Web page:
Britta Eickholt has been Professor of Molecular and Cellular Biochemistry at the Charité - Universitätsmedizin Berlin since 2011. She received her doctorate in 1998 at Guy's Hospital in London. In 2001, she received a lectureship at King's College London and started her own research group at the MRC Center for Developmental Neurobiology. She was appointed Professor of Molecular Neurobiology at King's College in 2010, before her move to Berlin in 2011. Her research focusses on the signaling mechanisms that regulate dynamic processes of the cytoskeleton in neuronal cells.Close
Carl-Henrik Heldin has, since 1992, been professor in Molecular Cell Biology at Uppsala University, Sweden. Between 1986 and 2017, he was the Branch Director of the Ludwig Institute for Cancer Research in Uppsala. Professor Heldin is the chair of the Boards of the Nobel Foundation, the Science for Life Laboratory, and the European Molecular Biology Organization. His research interest is related to the mechanisms of signal transduction by growth regulatory factors, as well as their normal function and role in disease. An important goal is to explore the possible clinical utility of signal transduction antagonists.Close
Petra Knaus received her Ph.D. at the Center for Molecular Biology in Heidelberg in 1991. As a Research Fellow and Associate, she did her Postdoctoral Training at the Whitehead Institute for Biomedical Research, USA, until 1996. After her return to Germany, she was Junior Group Leader at the Biocenter in Würzburg. There she established her own lab with a focus on BMP receptor biology and signal transduction. In 2004 she became Full Professor for Biochemistry – Signaltransduction at the Institute for Chemistry and Biochemistry at the Freie Universität Berlin. In 2010 she received a W3 Professorship for Biochemistry – Signaltransduction and Regeneration at the Freie Universität Berlin and Charité. The interest of the Knaus lab is to understand the molecular mechanism of BMP signal transduction, and to identify common and distinct mechanistic concepts in different cell and tissue environments.Close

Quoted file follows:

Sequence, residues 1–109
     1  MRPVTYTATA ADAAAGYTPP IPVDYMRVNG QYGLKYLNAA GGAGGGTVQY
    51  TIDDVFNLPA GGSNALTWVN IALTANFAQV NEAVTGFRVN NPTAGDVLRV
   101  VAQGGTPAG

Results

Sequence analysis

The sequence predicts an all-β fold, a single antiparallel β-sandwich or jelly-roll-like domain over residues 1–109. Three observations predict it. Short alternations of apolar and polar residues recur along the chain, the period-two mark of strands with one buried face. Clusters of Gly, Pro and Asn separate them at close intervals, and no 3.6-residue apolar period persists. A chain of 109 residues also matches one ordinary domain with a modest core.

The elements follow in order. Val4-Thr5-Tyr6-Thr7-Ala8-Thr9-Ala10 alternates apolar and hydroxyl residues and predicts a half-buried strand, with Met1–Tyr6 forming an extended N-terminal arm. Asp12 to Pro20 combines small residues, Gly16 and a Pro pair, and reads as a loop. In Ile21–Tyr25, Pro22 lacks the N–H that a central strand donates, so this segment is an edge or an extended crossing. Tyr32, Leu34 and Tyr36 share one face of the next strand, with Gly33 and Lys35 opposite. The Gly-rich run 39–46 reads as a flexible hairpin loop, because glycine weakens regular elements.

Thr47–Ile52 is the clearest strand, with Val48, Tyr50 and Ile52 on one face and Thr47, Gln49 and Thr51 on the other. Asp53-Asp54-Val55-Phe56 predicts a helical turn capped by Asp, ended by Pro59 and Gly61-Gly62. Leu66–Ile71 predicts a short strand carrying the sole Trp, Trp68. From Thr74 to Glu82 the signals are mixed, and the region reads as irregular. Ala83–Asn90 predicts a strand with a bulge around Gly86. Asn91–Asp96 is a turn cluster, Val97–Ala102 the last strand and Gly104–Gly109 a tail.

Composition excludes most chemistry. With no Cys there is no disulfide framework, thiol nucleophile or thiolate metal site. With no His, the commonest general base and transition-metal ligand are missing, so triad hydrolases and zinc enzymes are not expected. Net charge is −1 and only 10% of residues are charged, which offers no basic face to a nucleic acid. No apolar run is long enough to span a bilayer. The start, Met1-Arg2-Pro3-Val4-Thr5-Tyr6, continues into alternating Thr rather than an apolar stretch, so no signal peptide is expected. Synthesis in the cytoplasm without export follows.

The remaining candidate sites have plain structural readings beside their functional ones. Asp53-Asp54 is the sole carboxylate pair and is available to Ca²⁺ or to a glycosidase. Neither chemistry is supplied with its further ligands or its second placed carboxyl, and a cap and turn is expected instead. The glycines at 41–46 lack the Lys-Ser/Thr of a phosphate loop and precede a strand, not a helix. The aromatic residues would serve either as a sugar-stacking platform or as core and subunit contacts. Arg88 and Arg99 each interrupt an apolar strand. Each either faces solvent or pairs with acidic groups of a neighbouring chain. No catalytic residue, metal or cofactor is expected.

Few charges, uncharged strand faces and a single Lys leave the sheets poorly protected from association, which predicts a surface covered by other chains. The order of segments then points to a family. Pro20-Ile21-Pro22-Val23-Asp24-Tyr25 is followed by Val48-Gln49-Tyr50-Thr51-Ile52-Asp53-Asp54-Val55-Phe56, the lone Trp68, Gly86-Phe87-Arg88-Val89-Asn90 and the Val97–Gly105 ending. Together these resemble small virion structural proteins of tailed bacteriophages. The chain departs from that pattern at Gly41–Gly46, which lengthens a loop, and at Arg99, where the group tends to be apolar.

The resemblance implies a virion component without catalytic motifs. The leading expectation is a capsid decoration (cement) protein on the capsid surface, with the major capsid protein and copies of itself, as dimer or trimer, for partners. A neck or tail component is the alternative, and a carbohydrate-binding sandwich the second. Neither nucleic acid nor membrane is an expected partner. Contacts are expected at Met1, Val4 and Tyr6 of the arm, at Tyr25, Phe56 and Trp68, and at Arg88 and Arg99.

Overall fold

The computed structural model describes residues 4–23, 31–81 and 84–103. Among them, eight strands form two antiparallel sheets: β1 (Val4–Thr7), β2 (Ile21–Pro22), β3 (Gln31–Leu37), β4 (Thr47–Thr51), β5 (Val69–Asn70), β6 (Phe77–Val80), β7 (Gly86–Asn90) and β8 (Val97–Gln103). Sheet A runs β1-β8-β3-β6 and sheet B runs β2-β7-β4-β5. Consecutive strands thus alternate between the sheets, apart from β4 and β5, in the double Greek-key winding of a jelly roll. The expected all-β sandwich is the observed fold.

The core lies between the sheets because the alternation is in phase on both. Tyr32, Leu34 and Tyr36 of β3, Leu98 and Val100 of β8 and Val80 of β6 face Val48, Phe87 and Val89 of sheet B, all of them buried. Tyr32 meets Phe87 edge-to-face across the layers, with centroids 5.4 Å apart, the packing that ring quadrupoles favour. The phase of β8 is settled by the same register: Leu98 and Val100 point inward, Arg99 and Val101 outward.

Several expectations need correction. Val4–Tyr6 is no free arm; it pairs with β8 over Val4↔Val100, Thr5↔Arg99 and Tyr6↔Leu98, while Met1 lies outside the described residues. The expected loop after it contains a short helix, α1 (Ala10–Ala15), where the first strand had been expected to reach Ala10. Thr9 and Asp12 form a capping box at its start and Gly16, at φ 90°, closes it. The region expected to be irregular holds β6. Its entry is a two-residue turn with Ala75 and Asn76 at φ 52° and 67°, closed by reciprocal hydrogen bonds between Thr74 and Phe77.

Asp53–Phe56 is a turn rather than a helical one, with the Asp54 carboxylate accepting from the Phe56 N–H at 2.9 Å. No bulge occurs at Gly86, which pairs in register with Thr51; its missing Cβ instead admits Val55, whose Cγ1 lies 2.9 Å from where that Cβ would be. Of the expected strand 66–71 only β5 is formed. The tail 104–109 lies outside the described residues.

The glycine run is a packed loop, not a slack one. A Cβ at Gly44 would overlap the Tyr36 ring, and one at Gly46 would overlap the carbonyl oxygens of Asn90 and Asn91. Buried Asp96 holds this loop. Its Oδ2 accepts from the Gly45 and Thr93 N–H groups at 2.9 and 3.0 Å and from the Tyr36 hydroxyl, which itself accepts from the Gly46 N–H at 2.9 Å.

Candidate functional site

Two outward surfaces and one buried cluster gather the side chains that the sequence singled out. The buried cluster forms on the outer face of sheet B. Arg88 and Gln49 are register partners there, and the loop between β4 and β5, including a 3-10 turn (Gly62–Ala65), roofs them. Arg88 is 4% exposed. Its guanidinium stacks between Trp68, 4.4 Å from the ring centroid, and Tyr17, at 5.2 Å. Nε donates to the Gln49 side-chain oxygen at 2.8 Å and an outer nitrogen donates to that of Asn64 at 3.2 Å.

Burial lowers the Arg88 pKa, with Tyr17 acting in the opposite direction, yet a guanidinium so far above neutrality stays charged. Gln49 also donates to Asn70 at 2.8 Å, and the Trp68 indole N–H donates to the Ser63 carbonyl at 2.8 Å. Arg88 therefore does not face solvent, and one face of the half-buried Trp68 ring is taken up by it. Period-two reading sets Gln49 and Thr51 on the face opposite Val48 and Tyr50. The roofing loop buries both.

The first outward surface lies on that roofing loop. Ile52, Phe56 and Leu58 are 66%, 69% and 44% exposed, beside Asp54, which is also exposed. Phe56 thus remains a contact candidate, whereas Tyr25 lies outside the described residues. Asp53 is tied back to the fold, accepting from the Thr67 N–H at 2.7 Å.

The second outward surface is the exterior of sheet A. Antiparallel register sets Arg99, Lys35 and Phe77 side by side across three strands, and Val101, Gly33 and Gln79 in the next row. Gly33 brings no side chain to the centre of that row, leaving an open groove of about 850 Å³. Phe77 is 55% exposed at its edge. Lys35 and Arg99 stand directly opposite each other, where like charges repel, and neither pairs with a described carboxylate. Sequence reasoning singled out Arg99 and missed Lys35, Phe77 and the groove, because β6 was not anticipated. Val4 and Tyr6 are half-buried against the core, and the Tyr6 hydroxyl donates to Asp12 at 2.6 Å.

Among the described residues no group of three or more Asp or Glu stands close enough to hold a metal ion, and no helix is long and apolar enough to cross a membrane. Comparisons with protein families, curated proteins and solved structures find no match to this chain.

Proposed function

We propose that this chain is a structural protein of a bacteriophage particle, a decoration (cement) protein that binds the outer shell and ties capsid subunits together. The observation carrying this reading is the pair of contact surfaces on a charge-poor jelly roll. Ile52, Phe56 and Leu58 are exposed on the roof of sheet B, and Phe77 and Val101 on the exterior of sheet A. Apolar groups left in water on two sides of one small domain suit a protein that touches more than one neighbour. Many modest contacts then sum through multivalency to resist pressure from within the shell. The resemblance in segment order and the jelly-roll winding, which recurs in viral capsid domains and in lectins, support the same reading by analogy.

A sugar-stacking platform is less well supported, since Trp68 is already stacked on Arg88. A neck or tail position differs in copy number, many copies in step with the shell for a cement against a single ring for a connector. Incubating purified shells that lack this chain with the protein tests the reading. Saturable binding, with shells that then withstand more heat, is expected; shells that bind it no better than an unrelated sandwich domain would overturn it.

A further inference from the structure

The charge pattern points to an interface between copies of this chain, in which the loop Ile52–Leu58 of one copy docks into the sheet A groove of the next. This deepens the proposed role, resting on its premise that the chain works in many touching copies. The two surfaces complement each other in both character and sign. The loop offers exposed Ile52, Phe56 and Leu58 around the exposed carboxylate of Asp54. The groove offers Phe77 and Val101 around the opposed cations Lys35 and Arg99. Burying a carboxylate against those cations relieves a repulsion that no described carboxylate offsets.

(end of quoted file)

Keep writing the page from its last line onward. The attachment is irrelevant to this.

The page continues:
Hartmut Michel studied Biochemistry at the Universities of Tübingen and Munich. He completed his doctoral degree at the University of Würzburg in 1977 and habilitated in 1988 at the University of Munich. Since 1987 he is Director at the Max Planck Institute for Biophysics at Frankfurt/Main, where he leads the Department for Molecular Membrane Biology. In 1988, Hartmut Michel was awarded the Nobel Prize for Chemistry, together with Johannes Deisenhöfer and Robert Huber, for their investigation of the molecular structure of the photosynthesis reaction center in the rhodopseudomonas viridis bacterium.Close
Martin Oestreich has been Professor of Organic Chemistry (Synthesis & Catalysis) at TU Berlin since 2011. His appoitment was supported through an Einstein professorship by the Einstein Foundation Berlin. He studied chemistry at the Universities of Düsseldorf, Manchester, and Marburg (1991–1996) and received his doctoral degree at the University of Münster (1996–1999). After a postdoctoral stint at the University of California at Irvine (1999–2001), he completed his habilitation at the University of Freiburg (2001–2005). Martin Oestreich was Professor of Organic Chemistry at the University of Münster from 2006 until 2011. Visiting professorships took him to Cardiff (2005), Canberra (2010), and Kyoto (2018). His research interest range from homogeneous catalysis with main-group elements to elucidation of reaction mechanisms.Close